Tonight I’m in Portomarin. I arrived hobbling and sniffling. I’m afraid I’m getting a cold. I woke up this morning with a sore throat and a stuffy nose. The next several days will be long with over 20km each day. That’s a long day for me, at my pace. Most pilgrims seem to walk about 25km each day. That seems to be about the average, but I am much slower. I’m hoping to make it to Santiago de Compostela by Friday the 13th. I think I’m on track, as long as I don’t get too sick and have to take a day off.
Right now I’m in an albergue below a bar in Portomarin. This city has a very long bridge that you walk across to arrive in town and then they make you walk up a big staircase! Such cruelty.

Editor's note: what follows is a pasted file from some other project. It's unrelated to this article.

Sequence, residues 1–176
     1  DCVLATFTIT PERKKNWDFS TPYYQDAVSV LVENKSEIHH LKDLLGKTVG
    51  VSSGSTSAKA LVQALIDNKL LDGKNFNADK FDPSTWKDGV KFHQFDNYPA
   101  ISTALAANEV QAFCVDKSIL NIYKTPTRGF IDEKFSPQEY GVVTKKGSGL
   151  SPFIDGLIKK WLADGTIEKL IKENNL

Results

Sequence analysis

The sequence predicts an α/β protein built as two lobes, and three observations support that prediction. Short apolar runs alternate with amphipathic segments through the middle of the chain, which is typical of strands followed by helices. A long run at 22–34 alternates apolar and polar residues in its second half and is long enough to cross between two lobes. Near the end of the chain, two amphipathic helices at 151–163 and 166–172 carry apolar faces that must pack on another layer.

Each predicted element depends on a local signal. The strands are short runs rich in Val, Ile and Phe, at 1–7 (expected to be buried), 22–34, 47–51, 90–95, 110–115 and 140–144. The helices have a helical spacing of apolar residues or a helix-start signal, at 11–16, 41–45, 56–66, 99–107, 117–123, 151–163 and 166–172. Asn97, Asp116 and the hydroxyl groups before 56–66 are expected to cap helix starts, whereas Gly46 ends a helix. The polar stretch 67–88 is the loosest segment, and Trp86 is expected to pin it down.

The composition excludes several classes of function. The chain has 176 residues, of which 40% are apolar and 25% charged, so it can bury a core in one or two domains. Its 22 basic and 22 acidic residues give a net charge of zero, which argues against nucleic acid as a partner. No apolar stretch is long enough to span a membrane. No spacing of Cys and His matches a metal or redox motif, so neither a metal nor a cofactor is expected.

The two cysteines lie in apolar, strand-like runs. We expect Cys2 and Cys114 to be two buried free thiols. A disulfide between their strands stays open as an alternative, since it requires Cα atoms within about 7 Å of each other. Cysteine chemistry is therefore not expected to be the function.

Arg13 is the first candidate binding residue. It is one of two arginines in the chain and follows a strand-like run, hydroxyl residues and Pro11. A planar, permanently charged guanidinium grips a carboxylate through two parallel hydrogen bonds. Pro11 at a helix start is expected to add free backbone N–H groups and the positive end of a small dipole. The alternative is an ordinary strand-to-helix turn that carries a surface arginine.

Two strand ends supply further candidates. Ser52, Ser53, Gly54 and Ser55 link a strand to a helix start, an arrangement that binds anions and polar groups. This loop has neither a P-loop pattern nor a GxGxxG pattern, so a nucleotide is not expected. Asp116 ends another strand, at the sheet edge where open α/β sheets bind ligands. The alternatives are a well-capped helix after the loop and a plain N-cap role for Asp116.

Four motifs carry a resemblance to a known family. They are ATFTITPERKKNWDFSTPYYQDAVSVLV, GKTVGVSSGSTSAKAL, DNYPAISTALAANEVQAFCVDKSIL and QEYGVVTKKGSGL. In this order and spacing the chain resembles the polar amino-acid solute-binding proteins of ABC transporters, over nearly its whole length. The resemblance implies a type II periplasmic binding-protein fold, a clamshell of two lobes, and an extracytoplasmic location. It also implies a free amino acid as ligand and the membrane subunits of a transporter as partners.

In my little dorm room there are three bunk beds and I’m in this room with four guys from the South of Spain. They are all on vacation together and just set out from Sarria today. They all know of Albuquerque because of the show “Breaking Bad”. It’s the favorite tv show of two of them, apparently. It made me laugh. They’re a funny group. They are from Andalusia, which they say is the “True Spain”. There are 17 provinces in Spain and each are very different from each other. I have a feeling these four work in the tourism industry because they said they couldn’t come on vacation until now. They had to wait for the tourist season to be over. I can tell they’ve been friends for a really long time. I just had to referee an argument between two of them about which one is taller. It seems that these two have this argument every day, for the last twenty years. I believe one looked just ever so slightly taller than the other, but it was hardly anything. It might even be the hair of one that just sticks up a bit more. They are basically the same height, but it seems that they can’t accept that. This is definitely one of the liveliest albergues I’ve been in on my trip. I think it might have to do with the bar being upstairs, but also there are a lot of new pilgrims who have the excitement of starting their Camino today. Lots of new blistered feet and aches and pains around here. I thought by Day 6 on the Camino I would start to feel better and be doing this easier than I am, but I’m finding it to be tougher and tougher. Not just physically, with my feet and my shoulders hurting and losing weight, but also mentally with the constantly walking longer distances and all the things that are closed along the way. It’s just difficult.